Eight months after reports of his abusive behavior ignited the #MeToo movement last fall, Harvey Weinstein appeared in a packed Manhattan courtroom to plead his innocence on Tuesday. He spoke so quietly that, seated behind him in the court’s front row, I couldn’t hear his voice. But as defense lawyer Benjamin Brafman helped the disgraced movie mogul plead “not guilty” to three sexual assault charges, it soon became clear that Harvey Weinstein remains uncowed. He still claims that his accusers consented to everything.
Out on a million-dollar cash bail, Weinstein surrendered his passport and has been wearing an ankle monitor under his trousers. Law enforcement in New York, London, and Los Angeles had all announced investigations into his alleged sex crimes. But New York District Attorney Cy Vance — whose alleged mishandling of another Weinstein accusation is under review — was the first to launch criminal proceedings. Weinstein turned himself in to the NYPD two weeks ago. Meanwhile, a New York–based class-action civil lawsuit is also brewing — a fact discussed during Weinstein’s arraignment. Famed feminist lawyer Gloria Allred looked on from the audience, prompting speculation as to whether she, too, will sue Weinstein.
When a weary-looking Weinstein arrived in court, shuffling up the aisle with a slight limp, more than 50 members of the press had packed into the at-capacity courtroom. Outside, vans with satellite dishes and TV-news logos ringed the block. “We have people positioned everywhere,” a reporter from a daily newspaper told me, leaning over a crowd-control barrier in the hall outside the room. A reporter for the New York Times chatted with a reporter from TMZ.
Inside, Weinstein sat quietly while Brafman tipped his hand to the case he will make, should the case go to trial: “However reprehensible the crime of rape is, it is equally reprehensible to falsely accuse someone of rape.” What the state of New York has characterized as criminal sexual conduct, Brafman said, was actually “consensual.” Brafman intends to question the credibility of witnesses and victims.
This is the defense everyone knew was coming, the one Weinstein has held to as more than 80 women have publicly accused him of rape, harassment, and forcible touching during his decades-long career as a movie producer. Part of the reason that Gloria Allred’s presence caused a stir is that an early Weinstein apologist, Lisa Bloom, is Allred’s daughter. (After a series of public fumbles, Bloom distanced herself from Weinstein.)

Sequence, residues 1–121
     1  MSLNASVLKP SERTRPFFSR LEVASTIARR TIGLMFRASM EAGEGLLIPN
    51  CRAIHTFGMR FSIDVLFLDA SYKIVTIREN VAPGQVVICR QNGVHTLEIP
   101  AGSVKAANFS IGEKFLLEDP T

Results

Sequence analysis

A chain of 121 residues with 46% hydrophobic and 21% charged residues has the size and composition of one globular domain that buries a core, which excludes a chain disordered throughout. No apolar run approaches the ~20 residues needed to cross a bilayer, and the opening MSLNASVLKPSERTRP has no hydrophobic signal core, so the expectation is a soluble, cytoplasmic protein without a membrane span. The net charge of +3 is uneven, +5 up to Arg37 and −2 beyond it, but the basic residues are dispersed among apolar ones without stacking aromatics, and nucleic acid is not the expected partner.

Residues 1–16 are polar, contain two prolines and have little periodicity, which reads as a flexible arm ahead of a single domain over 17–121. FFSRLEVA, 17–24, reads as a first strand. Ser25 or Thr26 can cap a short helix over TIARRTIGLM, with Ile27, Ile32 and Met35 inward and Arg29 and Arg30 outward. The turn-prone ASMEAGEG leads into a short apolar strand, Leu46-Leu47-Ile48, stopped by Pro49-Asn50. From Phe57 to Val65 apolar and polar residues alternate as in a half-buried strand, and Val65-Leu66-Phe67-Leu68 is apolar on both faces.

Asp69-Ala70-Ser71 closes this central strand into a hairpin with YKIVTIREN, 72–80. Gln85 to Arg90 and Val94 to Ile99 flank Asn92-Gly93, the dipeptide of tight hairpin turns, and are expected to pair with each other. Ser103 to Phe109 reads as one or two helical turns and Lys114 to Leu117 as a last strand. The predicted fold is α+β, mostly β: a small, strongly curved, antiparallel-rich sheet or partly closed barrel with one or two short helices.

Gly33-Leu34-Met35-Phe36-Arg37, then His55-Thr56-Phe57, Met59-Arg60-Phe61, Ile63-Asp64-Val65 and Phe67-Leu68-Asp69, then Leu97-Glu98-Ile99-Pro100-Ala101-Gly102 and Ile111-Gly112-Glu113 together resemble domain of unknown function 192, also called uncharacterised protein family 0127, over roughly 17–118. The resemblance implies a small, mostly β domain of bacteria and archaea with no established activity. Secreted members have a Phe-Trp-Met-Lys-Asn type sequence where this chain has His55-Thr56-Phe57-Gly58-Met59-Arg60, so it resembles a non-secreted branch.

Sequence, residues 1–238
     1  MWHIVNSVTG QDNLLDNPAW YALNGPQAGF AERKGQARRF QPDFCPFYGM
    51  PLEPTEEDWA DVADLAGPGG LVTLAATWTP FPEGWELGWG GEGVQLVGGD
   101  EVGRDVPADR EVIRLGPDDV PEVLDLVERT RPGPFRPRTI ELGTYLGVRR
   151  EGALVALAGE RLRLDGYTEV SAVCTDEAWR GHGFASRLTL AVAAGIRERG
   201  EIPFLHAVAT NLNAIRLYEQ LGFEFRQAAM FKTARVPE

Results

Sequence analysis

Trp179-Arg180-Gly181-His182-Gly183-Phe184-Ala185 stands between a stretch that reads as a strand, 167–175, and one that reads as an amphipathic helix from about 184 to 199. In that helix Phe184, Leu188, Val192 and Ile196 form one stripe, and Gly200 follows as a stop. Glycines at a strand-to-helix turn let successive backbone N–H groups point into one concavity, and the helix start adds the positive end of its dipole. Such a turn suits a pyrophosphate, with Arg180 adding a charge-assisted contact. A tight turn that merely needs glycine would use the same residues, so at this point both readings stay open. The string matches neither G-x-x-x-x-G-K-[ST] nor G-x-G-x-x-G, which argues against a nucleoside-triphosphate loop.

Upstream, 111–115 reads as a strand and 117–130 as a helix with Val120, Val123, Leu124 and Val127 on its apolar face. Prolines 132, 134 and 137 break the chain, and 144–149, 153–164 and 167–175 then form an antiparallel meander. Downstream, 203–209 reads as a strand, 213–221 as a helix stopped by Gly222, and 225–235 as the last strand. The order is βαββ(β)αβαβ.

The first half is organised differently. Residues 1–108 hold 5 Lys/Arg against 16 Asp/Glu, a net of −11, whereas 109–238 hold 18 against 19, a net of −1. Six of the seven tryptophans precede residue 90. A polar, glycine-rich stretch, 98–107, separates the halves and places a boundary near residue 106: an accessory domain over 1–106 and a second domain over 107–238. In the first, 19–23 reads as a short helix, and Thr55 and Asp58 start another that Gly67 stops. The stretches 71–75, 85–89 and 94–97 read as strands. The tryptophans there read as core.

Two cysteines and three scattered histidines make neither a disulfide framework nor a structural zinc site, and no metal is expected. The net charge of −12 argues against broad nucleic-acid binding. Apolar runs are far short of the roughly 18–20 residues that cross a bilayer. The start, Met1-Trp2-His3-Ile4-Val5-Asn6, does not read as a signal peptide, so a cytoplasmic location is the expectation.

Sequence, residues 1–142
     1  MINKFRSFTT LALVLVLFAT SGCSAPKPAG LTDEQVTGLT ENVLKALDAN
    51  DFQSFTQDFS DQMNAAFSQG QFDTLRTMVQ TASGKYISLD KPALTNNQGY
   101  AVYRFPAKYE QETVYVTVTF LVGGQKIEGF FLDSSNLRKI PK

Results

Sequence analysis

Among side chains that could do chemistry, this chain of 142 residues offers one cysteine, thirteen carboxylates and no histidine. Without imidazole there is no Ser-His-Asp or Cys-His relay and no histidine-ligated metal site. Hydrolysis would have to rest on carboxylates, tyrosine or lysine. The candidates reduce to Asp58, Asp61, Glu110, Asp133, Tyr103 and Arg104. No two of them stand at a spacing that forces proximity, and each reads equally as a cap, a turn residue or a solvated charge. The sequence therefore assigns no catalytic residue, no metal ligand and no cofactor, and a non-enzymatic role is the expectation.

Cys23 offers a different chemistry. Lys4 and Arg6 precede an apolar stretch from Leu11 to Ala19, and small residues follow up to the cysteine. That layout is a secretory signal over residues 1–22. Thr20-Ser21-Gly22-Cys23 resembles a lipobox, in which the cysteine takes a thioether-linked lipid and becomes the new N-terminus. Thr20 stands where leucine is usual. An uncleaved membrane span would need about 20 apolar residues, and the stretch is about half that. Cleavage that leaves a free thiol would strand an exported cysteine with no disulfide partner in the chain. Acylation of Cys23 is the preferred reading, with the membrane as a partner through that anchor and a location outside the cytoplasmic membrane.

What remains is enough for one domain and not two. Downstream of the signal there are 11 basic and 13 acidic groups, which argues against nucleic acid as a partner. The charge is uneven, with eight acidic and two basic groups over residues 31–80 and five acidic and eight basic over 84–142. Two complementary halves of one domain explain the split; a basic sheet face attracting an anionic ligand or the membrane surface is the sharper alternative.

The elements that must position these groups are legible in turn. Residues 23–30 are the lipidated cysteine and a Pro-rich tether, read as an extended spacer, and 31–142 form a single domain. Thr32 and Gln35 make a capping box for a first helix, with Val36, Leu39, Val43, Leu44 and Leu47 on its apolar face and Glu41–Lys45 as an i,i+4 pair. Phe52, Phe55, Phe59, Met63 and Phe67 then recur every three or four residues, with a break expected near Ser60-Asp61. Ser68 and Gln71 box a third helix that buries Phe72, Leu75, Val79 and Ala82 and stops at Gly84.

An acclaimed trial lawyer, Brafman has defended a number of loathed figures: Martin Shkreli, Dominique Strauss-Kahn, Charles Kushner. Standing before Judge James Burke, Brafman accused prosecutors and law enforcement of courting public opinion and “prolific” leaking to the press.
Assistant District Attorney Joan Illuzzi bristled at the accusation: “It was not the people who went out to the courtroom steps and started talking about the casting couch, really undermining the seriousness of these charges,” Illuzzi said. A seasoned prosecutor with cold-case experience (she successfully prosecuted Etan Patz’s killer) Illuzzi also has experience with high-profile trials.
After Weinstein entered his plea, Judge James Burke led a discussion of conflicts of interests, pre-trial motions, and when Weinstein would next appear in court (September 20). Then he dismissed the court. Flanked by Brafman and two other men in suits, Weinstein stood to exit. Most of Manhattan’s criminal courtrooms contain a waist-high wooden barrier with a velvet rope, which separates the court’s audience from its participants. When defendants enter and exit the room, court officers with handcuffs clipped to their belts typically pull back the velvet rope. When they did this for Weinstein, he hesitated, looking around as though waiting for instruction. It seemed to be the only velvet rope in New York City with which Harvey Weinstein was unfamiliar.
On the sidewalk outside, a male passerby called out to a scrum of paparazzi: “Who are you waiting for?” Harvey Weinstein, a photographer called back. The man made a sound of disgust — as did a second passerby, a woman, who shook her head as she walked past.